Both my noble kinsman and the noble Baroness expressed anxiety about Regulation 3. That provides for the introduction of the new type of interim maintenance assessment which is called the Category B interim maintenance assessment. The existing Category A interim maintenance assessment is designed to dissuade an absent parent from refusing to provide information regarding his income.

A Category B interim maintenance assessment provides for circumstances in which the partner of a parent who is party to an assessment refuses to provide details of his or her income. The partner is not bound to furnish that information, without which it would not be possible to make a full assessment. It would not be right if a partner's refusal to provide that information resulted in the deprivation of a child's maintenance. For that reason, a new category of interim maintenance order was required.

A Category B interim maintenance assessment will be in essence a normal maintenance assessment, although it will include an assumed measure of income for the parent's partner which prevents the parent concerned from gaining any advantage because the partner has not disclosed details. We have provided powers for the cancellation and review of Category B interim maintenance assessments to be consistent with those contained in Sections 17 and 18 of the Act.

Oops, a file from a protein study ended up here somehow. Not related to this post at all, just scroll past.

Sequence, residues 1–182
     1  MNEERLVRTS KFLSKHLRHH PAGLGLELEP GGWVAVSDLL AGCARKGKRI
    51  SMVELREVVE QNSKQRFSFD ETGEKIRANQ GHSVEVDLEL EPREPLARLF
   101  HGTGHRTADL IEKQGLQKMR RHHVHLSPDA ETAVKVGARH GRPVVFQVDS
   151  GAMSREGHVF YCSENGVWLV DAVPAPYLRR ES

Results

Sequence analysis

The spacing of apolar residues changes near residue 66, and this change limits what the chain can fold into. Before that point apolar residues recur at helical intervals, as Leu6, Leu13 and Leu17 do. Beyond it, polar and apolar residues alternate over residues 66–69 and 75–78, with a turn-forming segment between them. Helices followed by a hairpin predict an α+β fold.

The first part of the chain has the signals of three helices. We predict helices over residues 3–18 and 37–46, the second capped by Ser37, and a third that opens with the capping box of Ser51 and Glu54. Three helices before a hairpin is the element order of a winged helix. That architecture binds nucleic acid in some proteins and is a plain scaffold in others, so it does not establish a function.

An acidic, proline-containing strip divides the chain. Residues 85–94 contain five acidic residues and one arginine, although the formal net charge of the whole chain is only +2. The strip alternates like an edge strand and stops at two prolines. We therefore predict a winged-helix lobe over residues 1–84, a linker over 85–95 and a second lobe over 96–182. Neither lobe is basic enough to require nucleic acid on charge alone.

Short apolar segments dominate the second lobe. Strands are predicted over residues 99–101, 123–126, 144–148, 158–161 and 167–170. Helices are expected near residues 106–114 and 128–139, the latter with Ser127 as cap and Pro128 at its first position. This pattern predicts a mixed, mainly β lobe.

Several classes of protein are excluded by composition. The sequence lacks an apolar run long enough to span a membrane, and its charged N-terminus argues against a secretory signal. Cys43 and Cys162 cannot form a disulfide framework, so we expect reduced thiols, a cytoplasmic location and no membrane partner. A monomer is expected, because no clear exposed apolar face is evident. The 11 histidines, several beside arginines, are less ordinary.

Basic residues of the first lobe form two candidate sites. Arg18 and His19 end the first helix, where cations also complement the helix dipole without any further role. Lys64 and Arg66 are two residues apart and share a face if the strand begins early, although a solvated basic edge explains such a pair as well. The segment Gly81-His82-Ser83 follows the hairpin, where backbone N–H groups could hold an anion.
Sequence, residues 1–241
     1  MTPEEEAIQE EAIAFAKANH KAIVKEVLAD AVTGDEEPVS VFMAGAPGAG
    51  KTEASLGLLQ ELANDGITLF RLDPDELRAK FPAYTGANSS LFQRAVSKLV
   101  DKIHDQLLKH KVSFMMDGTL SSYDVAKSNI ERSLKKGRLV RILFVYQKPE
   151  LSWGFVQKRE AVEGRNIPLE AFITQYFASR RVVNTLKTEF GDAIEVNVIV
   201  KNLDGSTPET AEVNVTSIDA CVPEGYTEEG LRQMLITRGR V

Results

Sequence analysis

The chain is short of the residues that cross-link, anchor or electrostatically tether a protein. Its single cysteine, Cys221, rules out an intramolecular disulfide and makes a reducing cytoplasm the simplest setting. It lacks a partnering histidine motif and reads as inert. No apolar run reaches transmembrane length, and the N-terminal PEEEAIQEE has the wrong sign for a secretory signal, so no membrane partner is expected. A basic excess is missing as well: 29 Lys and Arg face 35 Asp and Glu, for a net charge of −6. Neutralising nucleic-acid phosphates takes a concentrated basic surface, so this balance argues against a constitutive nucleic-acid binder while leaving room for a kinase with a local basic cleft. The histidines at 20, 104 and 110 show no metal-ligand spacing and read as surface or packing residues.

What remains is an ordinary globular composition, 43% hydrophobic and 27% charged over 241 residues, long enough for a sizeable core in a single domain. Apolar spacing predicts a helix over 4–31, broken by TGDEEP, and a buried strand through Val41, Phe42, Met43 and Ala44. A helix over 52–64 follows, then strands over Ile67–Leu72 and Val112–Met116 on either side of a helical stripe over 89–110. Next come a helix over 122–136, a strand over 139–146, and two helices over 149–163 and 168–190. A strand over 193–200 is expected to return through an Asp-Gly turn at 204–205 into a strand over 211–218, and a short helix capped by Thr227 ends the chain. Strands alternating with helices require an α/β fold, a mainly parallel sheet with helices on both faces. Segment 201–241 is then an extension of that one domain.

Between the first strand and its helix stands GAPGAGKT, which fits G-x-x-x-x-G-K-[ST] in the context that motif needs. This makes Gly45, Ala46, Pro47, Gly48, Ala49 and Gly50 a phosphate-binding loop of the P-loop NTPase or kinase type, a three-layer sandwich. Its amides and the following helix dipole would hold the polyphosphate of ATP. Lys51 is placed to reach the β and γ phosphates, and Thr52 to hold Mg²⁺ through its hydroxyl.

The noble Baroness said there should be a maintenance disregard in income support. Again, we argued this long and late during the passage of the Bill. We do not believe that a maintenance disregard is in the best interests of lone parents and their children. We know from research that most lone parents want to provide a better standard of living for their children by going to work now or some time in the future. Disregard of maintenance in income support would do nothing to help those parents to realise their ambitions.

Baroness Hollis of Heigham

My Lords, does the Minister not consider that it may be unreasonable to expect a single parent with a child under school age—three or four—to be effectively in the labour market? The prime responsibility of that parent may be to the child. Therefore, the Minister's arguments about maintenance disregard would not apply. That is only relevant when the parent is in a realistic position to choose between going to work and obtaining benefit. At that point one does not wish to have perverse incentives to stay on benefit. However, that cannot be the case where the child is pre-school or pre-nursery school age.

Lord Henley